Lower oil prices have deflated the efficiency achievements of oil giant BP, which today reported that its half-year profits for 2009 were down by 57 per cent to $5.5 billion. Last July BP announced that its Forward Agenda of efficiencies, which includes a drive to standardise its IT platforms had achieved significant savings as high oil prices and pre-credit crunch market buoyancy drove BP profits skywards.

Breaking the half-year into quarters, BP was able to report that the second quarter profit witnessed an improvement of 30 per cent compared to the first quarter of 2009. The British oil producer also reported that its daily production has risen four per cent in the last three months to June, 2009.

On the 29th July 2008 BP reported half-year profits of $8.6bn. At the time chief executive Tony Hayward told investors the Forward Agenda he had put in place on his arrival in 2007 was on track to achieve significant savings for the company and that they were reflected in last year's results.

Today Hayward said BP has achieved $2bn in savings, ahead of its 2009 target and will take another $1bn in costs out of the company this year.

BP told CIO UK last year in its entry for the CIO 100 that its ‘field of the future' bespoke management system was a real advantage to the company allowing it to optimise production processes and increase the amount of oil it extracts from its oil fields. In today's trading statement BP told its investors that continued investment in IT was critical to the organisation.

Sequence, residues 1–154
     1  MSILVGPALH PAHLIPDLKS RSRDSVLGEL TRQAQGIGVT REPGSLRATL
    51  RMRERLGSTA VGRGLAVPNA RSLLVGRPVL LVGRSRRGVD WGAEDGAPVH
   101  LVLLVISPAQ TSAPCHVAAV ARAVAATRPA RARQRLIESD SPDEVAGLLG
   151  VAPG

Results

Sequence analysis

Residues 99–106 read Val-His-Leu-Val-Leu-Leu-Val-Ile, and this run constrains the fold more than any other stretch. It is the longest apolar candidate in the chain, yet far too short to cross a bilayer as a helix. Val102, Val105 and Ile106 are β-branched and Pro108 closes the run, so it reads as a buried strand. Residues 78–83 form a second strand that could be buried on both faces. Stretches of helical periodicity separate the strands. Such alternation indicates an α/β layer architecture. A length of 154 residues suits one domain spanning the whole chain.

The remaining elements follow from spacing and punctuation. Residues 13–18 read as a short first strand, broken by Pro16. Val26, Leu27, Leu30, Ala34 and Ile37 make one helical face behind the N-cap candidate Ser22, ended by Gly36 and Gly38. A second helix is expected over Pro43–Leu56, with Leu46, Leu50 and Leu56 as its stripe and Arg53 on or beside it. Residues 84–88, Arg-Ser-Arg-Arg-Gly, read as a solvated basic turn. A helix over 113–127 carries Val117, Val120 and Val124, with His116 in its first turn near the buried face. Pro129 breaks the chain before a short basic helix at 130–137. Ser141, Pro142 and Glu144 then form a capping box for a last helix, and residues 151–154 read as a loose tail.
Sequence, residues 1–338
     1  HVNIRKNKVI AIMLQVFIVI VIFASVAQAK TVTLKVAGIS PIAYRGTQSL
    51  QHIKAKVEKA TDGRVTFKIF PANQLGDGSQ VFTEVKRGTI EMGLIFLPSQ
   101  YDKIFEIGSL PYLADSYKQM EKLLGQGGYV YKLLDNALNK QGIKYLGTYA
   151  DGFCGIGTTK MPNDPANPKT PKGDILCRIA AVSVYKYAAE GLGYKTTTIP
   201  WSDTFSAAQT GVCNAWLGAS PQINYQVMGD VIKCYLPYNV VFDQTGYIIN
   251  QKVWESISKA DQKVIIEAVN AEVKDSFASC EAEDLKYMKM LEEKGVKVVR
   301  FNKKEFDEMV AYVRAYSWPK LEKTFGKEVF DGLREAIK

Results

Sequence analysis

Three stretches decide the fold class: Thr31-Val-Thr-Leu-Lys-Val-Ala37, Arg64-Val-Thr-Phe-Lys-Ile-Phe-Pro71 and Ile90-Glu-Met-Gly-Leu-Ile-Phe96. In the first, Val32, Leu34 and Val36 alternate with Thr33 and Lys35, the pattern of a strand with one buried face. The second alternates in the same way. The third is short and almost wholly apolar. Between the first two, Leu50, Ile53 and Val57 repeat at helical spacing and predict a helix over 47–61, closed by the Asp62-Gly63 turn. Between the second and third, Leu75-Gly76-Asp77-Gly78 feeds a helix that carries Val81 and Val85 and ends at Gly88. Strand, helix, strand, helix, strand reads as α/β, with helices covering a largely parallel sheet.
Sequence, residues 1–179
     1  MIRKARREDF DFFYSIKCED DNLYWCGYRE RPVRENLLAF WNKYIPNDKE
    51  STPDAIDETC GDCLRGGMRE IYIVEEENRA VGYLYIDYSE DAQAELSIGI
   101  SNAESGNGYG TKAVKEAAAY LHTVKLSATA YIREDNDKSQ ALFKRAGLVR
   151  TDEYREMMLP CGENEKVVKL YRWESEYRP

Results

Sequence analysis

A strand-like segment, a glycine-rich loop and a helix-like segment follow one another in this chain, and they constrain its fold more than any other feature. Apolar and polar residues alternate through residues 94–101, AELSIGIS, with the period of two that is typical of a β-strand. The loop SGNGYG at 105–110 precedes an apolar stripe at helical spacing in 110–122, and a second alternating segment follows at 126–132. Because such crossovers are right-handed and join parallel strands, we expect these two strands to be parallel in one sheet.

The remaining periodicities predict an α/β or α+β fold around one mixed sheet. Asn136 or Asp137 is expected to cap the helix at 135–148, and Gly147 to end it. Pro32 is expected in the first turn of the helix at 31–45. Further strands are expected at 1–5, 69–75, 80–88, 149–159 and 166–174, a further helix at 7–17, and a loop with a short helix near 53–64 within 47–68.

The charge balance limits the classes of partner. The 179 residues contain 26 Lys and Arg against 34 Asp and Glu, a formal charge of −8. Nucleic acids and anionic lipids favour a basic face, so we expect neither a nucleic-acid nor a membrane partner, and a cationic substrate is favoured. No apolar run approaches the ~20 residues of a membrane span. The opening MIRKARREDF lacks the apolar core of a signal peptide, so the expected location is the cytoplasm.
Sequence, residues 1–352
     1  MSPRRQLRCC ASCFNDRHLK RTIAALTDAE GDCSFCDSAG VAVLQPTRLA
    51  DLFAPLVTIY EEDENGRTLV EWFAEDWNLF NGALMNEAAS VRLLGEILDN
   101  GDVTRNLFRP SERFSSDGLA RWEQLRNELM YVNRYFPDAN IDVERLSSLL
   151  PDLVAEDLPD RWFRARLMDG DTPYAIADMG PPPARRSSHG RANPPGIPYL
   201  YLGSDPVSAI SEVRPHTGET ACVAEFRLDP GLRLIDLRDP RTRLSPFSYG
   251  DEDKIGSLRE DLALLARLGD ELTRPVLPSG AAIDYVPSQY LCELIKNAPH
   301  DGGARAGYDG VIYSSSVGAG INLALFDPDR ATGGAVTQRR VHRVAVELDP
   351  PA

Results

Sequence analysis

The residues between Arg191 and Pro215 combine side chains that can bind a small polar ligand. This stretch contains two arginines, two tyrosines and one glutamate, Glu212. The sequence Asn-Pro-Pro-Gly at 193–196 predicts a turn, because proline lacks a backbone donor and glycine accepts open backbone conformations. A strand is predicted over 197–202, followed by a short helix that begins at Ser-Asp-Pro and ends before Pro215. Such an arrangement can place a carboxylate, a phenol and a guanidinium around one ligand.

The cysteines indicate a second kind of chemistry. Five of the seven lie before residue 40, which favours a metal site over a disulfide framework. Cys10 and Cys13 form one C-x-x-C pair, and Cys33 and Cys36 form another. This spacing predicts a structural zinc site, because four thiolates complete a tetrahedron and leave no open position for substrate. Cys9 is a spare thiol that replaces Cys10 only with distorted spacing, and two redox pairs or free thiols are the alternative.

"Our performance could be impeded if competitors developed or acquired intellectual property rights to technology that we required or if our innovation lagged the industry," it said. BP said it had to continually invest in technology, as well as new methods of exploration, production, refining and manufacturing.

In recent weeks BP has signed a five year deal with network services providers HughesNet, which will see HughesNet provide the management of network and broadband services to 16,000 BP petrol stations across Europe.